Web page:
Reports have emerged that the Dutch Government was hacked earlier this week, resulting in widespread disruption across a range of its sites.
The hack has now been confirmed as a DDoS attack, just the latest in a series of similar breaches to have taken place over the last few weeks and months.
In light of this recent attack, Dave Larson, CTO of Corero Network Security, has offered his thoughts: “Unfortunately, the sheer size and scale of hosting data center operator network infrastructures and their massive customer base presents an incredibly attractive attack surface, due to the multiple entry points and significant aggregate bandwidth that acts as a conduit for a damaging and disruptive DDoS attack.
"The DDoS attack against Dutch Government website hosting provider, Prolocation, is a prime example. As enterprises increasingly rely on hosted critical infrastructure or services, they are placing themselves at even greater risk from these devastating cyber threats – even as an indirect target.
"Interestingly, these DDoS attacks may have initially gone under the radar for Prolocation. Denial of Service is an unfortunate misnomer for the damaging effects of an attack of that nature.
"DDoS attacks that do not fully saturate the Internet link can be just as damaging as the volumetric attacks that are intended to deny service. Partial saturation attacks are dynamic, adaptive and, in many instances, cause outages.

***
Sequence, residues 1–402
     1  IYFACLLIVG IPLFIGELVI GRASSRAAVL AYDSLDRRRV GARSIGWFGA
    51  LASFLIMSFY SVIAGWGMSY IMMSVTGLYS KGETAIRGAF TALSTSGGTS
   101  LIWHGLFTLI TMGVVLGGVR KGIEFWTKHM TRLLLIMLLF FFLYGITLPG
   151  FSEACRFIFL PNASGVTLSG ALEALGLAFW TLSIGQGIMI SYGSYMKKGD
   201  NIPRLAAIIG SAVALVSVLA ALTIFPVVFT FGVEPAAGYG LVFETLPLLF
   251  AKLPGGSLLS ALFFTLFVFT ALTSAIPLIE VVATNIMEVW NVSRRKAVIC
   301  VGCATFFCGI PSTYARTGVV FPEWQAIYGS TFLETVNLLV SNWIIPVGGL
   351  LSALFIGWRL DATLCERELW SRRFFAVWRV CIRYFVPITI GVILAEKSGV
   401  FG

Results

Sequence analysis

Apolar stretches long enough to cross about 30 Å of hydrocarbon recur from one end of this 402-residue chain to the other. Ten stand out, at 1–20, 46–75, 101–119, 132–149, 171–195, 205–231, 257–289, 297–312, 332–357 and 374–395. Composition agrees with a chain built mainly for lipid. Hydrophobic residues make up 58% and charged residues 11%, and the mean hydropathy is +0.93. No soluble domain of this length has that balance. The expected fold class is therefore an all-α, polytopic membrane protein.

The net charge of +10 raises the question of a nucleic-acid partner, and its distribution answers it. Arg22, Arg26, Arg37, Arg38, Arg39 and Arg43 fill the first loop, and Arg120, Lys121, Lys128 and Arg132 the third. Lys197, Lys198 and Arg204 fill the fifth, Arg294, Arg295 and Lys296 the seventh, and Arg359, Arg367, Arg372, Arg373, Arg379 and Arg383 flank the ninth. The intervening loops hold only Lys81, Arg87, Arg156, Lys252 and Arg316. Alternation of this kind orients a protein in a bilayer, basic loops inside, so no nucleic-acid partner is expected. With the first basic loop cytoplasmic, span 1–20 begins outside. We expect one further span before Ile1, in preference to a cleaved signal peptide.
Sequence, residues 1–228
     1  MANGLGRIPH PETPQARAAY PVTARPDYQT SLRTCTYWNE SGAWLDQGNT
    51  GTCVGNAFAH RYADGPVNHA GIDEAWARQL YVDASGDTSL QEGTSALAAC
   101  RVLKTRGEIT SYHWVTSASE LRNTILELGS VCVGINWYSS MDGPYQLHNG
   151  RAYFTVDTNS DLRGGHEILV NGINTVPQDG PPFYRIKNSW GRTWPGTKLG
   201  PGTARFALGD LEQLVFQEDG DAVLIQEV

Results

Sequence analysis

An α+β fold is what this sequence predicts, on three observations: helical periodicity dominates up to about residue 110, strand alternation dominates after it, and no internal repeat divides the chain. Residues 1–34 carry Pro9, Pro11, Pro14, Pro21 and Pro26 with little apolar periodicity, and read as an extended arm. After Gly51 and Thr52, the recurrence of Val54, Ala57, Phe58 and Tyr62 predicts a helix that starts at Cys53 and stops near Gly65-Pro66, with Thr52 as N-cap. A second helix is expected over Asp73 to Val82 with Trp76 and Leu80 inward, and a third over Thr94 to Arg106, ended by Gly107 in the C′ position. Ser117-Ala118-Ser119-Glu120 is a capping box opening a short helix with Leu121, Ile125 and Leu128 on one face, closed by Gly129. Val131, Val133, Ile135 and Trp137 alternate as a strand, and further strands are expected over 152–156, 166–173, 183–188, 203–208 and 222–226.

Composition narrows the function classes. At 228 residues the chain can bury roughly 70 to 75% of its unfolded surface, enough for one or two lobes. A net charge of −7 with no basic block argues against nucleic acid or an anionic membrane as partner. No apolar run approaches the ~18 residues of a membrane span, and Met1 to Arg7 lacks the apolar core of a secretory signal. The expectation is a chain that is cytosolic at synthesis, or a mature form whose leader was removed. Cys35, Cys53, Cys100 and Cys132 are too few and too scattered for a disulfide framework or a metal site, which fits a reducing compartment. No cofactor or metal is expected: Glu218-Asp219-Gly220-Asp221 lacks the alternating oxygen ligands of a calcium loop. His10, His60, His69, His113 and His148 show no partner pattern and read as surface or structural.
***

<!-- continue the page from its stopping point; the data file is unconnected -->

"They are increasingly being used as a smokescreen to hide even more malicious activity on the network.
"Just because your network hasn’t had a total meltdown, it doesn’t mean DDoS isn’t a present threat for your business.”
Darren Anstee, director of solutions architects at Arbor Networks also commented: "DDoS attacks are a threat to any organisation that has an online presence, and attack frequency and scale are continuing to rise.
"This year’s Arbor Worldwide Infrastructure Security Report (WISR) clearly showed this. Based on the information currently available, it looks as if a variety of attacks vectors may have been used In these attacks, which in itself is not that unusual - 42 per cent of service provider respondents to this year’s WISR stated that they had seen what are known as multi-vector attacks.
"The WISR also highlighted that 38 per cent of data-centre operators saw a DDoS attack which saturated their Internet connectivity last year, and when this happens all customers of the data-centre are affected (if protection is not in place).
"Both of these statistics illustrate why layered DDoS protection is so important for end-user organisations and data-centres alike. Application layer and state-exhaustion attacks needs to be dealt with quickly, before they impact infrastructure, and the best place to do this is at the enterprise / data-centre edge.
"But, larger volumetric attacks, which can saturate Internet connectivity, need to be dealt with by cloud / service-provider DDoS protection services, where sufficient capacity exists.
"The combination of both layers of defence can protect the availability of services from DDoS attack."